Radio Lab and Kao Kalia Yang

What happens when one group of people privileges their own form of knowledge over another groups? In the case of Radio Lab interviewing Eng Yang and his niece Kao Kalia Yang (professor and award winning author in her own right), a world of hurt happens. If you have the time (no, even if you think you don’t have the time), I highly recommend Yang’s post with the Hyphen blog, relating what happened and her reactions to it.


Her post cut deep, so I read the Hyphen response, and started to get heated. The response did a very good job at breaking down the assumptions and biases of the Radio Lab folks, excerpt by excerpt, but before I let myself get too carried away, I went back and listened to the Radio Lab segment (the edited one, since the original is no longer available). After all, I didn’t want to overreact to quotes pulled out of context that made the situation seem worse than it was. Without reiterating what they said, this is what I heard–


Radio Lab said that they wanted to find the truth. The cold, hard truth on whether someone was using chemical warfare on the Hmong people in the late 1970’s. Western trained scientists said “No, no chemical warfare. There was yellow stuff falling from the sky. It was bee poop.” Eng Yang said “Are you crazy? I saw yellow stuff fall from the sky and it killed people. I know bee poop. Bee poop doesn’t kill people.” And Radio Lab said “Are you sure? The scientists say its bee poop. Did you really see this happen? How do you know what you really saw?” The Radio Lab host actually calls Eng Yang’s testimony heresay.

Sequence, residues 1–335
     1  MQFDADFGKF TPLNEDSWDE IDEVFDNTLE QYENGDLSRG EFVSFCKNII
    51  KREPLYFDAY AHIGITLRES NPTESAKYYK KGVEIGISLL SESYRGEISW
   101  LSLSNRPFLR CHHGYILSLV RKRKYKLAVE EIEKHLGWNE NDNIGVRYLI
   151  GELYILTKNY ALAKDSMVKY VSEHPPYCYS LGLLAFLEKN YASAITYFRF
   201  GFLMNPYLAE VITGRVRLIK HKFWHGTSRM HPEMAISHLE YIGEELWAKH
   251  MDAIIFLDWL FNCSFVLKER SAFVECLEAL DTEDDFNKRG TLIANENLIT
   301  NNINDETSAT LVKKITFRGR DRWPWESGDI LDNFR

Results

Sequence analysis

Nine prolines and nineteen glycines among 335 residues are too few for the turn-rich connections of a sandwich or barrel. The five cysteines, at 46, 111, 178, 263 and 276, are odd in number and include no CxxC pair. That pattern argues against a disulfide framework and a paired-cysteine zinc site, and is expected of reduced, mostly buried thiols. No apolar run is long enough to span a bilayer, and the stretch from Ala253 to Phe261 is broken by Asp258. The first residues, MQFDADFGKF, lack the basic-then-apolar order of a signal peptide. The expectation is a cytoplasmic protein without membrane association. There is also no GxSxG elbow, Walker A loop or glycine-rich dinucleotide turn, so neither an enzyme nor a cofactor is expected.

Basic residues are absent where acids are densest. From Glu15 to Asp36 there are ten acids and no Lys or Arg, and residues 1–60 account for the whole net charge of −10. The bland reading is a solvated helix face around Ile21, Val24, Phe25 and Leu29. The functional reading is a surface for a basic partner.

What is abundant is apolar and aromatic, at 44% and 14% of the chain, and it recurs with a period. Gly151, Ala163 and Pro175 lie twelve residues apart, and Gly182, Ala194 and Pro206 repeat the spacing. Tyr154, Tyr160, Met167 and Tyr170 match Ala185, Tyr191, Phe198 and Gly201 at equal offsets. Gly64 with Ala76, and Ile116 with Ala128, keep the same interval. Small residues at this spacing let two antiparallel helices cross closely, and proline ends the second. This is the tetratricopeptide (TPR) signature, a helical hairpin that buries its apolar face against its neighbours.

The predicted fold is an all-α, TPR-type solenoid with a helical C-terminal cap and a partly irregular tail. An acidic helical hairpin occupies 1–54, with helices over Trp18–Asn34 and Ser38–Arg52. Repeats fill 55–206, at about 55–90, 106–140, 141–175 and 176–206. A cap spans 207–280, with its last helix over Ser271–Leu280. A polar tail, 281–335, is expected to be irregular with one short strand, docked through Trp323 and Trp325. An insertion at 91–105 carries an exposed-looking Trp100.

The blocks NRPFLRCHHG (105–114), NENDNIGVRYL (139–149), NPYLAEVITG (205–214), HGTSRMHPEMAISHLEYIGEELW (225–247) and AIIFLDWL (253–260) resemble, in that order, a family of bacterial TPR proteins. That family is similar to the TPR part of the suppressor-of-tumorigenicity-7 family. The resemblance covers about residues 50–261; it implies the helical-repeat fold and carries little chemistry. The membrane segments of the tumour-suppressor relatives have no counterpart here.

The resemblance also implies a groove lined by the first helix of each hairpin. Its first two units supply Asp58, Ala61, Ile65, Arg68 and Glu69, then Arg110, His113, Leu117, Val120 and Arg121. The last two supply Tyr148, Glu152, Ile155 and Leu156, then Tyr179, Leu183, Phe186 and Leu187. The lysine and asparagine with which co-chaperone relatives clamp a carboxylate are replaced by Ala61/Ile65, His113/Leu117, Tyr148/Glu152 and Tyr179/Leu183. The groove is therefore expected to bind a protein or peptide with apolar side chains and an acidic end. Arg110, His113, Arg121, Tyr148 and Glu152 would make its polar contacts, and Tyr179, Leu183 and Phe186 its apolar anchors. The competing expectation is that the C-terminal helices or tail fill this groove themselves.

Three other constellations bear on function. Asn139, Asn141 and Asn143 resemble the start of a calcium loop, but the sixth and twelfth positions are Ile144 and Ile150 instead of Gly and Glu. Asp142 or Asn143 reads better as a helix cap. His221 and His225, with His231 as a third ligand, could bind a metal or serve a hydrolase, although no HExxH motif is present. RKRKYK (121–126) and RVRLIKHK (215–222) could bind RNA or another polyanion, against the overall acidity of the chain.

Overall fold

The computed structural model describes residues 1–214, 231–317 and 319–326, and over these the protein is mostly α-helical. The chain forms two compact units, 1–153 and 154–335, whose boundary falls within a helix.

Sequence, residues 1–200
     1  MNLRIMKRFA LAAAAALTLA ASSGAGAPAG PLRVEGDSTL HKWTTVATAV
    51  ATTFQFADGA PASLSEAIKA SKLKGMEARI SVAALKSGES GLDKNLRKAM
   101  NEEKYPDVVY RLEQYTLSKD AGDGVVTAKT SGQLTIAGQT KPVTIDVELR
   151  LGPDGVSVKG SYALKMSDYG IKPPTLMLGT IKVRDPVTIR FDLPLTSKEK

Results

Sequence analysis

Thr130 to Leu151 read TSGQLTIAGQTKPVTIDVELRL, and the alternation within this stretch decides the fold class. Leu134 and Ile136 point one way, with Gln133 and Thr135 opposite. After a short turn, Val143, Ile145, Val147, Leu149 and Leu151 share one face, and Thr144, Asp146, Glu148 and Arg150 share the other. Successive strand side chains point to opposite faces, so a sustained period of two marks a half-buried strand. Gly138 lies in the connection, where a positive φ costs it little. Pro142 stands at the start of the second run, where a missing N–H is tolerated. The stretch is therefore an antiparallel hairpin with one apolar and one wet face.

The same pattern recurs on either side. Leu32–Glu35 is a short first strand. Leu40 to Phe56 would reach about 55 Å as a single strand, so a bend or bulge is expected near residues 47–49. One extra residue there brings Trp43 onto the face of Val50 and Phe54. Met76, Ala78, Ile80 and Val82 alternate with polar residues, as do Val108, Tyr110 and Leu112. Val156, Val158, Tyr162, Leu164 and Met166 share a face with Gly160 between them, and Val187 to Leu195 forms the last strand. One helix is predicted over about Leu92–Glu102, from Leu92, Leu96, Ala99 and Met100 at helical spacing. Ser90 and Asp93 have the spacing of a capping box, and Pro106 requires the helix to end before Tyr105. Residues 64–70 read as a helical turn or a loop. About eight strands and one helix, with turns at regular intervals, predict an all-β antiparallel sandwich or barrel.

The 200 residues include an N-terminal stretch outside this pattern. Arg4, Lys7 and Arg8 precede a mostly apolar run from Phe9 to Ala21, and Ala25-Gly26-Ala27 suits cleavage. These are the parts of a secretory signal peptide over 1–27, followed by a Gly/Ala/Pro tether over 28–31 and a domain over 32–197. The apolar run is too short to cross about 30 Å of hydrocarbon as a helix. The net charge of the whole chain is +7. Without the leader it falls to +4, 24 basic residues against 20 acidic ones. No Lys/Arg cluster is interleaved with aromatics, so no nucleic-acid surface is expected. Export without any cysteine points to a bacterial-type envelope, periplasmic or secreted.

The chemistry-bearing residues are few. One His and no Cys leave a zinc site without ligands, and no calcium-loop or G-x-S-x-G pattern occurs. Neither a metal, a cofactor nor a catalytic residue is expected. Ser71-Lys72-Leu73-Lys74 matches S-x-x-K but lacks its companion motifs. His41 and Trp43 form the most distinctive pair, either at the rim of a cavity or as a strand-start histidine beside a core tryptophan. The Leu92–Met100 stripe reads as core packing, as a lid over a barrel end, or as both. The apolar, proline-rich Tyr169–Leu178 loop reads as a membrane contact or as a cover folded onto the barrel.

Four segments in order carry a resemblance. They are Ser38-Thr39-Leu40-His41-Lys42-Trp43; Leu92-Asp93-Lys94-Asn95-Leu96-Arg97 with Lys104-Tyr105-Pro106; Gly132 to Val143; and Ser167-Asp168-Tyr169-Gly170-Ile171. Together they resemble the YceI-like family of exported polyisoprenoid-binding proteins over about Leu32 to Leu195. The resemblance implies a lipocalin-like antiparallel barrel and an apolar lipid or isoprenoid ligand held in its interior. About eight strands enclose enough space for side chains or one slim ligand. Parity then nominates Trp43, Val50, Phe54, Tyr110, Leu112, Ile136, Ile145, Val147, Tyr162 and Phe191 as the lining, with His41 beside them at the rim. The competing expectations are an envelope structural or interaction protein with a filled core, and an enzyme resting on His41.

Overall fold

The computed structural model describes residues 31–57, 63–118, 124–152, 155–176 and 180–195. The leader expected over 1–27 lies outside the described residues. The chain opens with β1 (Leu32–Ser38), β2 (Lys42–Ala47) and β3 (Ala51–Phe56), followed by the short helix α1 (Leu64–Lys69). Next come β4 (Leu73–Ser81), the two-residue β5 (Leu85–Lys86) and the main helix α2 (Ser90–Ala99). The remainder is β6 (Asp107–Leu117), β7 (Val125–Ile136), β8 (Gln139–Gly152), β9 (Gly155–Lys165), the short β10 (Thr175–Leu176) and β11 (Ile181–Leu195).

What Radio Lab did not do was treat the preeminent scientists in a similar manner. They did not go to the scientists and say “Did you calibrate your instruments? Did you consider that the toxin may have dissipated from the samples over time? Because we have an eyewitness, who says that he watched people die from chemical toxins that fell from the sky.”


And that’s the crux of their argument. Science can’t be wrong. It’s science. Therefore, the eyewitness must be wrong. He’s only some Hmong guy, anyway. When they apologized, they apologized for upsetting the Yangs, not for treating them badly.


That’s the worst, isn’t it? When someone says “I’m sorry your upset. It hurts me that you’re upset, but I didn’t do anything wrong.” So caught up in their own world view, that they don’t know how to value someone else’s.


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